Anyways, glad you’re listening. Your web company should really, really, really get you set-up for RSS feeds — not for cranks like me that mingle in technical minutiae, but for the growth of your site. It’s an imperative.

    Regards to you Charlie and regards to Steve, as well. He may not have the most popular wine blog, but he certainly has one of the most consistently thoughtful.


  13. And one thing I’d add concerning RSS feeds etc., there are all kinds of technical things that new bloggers don’t understand. You can’t condemn a man because there’s something he’s not doing that you think he’s supposed to do.

  14. Congratulations Steve. I don’t stop in everyday, but at least once or twice per week I enjoy a visit. Definitely the best wine blog out there right now. Your dedication to the craft is outstanding; only surpassed by the quality of your posts and writing — although I’m willing to overlook your gas station interview video 😉

  15. I add my huzzahs to the other commenters. The shear volume of posts by Charlie on this and other blogs did make some of us wonder why he didn’t move to authoring the piece that others respond to, though he really didn’t need to launch his own docking station in cyberspace because his comments , while necessarily reactive, were de facto mini blogs.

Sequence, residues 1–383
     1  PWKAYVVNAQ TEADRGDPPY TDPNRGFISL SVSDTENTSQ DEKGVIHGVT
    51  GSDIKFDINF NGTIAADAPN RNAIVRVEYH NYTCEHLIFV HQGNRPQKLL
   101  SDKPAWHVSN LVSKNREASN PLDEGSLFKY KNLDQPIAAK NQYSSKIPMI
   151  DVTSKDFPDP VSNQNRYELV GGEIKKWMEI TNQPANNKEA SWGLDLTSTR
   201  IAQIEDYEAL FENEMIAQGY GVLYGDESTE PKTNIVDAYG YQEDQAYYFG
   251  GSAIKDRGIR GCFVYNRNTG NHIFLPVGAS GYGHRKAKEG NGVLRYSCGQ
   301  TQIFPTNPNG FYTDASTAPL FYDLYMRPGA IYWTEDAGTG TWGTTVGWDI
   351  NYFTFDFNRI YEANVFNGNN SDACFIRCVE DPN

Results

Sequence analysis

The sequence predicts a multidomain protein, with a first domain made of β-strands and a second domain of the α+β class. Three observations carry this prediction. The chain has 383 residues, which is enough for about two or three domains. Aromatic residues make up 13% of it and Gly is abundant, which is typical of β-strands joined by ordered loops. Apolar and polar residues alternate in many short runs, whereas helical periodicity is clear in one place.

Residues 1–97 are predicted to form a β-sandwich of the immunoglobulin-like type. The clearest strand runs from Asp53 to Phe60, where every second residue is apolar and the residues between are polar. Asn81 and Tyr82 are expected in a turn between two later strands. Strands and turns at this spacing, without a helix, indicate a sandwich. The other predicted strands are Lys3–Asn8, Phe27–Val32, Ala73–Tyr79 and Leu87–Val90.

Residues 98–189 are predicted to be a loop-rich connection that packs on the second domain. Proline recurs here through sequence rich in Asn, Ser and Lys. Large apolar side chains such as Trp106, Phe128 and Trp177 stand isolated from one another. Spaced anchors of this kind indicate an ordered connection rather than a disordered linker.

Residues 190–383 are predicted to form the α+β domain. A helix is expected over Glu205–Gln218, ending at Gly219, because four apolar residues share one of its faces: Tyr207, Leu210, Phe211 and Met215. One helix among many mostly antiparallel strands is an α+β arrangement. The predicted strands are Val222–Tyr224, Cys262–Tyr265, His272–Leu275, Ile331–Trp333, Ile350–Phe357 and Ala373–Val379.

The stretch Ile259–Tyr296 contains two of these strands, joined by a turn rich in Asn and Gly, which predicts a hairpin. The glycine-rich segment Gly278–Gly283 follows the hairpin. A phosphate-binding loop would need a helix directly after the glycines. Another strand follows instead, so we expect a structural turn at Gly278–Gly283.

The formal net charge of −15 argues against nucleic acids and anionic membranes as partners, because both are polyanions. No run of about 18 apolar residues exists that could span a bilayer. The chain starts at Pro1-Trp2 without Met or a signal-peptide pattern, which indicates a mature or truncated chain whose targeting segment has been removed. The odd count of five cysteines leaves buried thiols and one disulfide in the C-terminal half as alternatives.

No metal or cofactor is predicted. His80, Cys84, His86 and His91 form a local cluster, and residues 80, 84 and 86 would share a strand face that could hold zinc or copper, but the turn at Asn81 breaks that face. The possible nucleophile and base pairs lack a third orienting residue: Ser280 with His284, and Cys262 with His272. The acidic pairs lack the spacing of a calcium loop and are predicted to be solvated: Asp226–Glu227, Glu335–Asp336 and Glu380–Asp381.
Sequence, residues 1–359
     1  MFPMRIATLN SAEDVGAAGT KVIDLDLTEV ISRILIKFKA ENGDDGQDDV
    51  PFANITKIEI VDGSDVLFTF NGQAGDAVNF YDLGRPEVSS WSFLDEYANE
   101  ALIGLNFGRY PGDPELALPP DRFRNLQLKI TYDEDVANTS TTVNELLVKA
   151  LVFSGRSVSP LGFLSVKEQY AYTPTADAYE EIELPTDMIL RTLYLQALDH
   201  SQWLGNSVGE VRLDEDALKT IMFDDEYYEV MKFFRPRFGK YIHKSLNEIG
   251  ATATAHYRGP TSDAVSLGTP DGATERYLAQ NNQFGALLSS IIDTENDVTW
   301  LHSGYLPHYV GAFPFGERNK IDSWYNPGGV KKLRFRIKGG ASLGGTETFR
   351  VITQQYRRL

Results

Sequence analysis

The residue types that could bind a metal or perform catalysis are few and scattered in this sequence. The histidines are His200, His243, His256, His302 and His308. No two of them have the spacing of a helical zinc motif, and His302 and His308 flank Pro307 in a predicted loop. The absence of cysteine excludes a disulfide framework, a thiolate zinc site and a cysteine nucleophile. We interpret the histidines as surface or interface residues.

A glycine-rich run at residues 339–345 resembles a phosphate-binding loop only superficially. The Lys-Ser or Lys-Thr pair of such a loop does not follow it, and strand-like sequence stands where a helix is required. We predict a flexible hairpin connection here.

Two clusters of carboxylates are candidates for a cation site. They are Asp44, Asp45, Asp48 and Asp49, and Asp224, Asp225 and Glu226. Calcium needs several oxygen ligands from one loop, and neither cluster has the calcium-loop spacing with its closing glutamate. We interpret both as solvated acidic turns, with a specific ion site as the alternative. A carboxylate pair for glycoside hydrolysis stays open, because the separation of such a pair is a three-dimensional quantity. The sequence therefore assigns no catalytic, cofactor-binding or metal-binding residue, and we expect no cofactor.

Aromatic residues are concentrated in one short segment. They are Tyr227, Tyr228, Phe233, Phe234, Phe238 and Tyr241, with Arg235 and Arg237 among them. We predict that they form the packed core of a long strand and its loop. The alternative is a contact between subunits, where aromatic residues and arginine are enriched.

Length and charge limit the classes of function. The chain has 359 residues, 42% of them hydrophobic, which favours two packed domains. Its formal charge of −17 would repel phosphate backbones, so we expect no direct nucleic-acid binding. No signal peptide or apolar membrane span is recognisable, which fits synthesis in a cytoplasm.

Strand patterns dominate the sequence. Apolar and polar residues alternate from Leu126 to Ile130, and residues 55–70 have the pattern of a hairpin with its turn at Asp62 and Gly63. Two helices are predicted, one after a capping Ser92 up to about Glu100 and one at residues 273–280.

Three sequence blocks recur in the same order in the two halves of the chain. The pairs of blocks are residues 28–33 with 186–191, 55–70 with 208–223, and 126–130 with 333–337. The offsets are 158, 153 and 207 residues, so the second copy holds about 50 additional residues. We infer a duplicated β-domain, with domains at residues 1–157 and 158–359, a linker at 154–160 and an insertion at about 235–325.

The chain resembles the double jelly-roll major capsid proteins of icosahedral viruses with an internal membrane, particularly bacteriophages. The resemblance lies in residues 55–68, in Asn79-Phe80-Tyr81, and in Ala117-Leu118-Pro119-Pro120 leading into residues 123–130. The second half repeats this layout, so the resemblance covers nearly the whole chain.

Also, like SH, CO has a publication that provides revenue. While SH tends to create an arms length from his mag, mostly because it is not a WE blog, Charlie is much more direct in promoting the for-pay pub, sandwiching his ruminations, and those of his associate, between all his ads and other exhortations to subscribe. Put in this context, it is odd that Charlie didn’t launch a blog designed in this fashion before now.

    I’m just glad to read more of Mr. Olken’s prose and observations about the wondrous and wacky world of wine. I needn’t say it, though I will of course, that most of CO’s time and effort, like SH or ST or JL, or RP or AY is devoted to offering one person’s opinion about the merits of different domestic wines and are necessily limited, i.e., ~too~ personal/ individualistic. However, when he directs his opinions to the wisdom he has accumulated about the larger industry issues and themes, as well as about the people and places associated with the growing, making and peddling of our beverage, I am greatly pleased. Also personal, certainly, but these sorts of broader views are not about recommending a product, which the reader tends not to have tasted, but about shared experiences about which one can agree, disagree, or expand upon.

  16. Steve,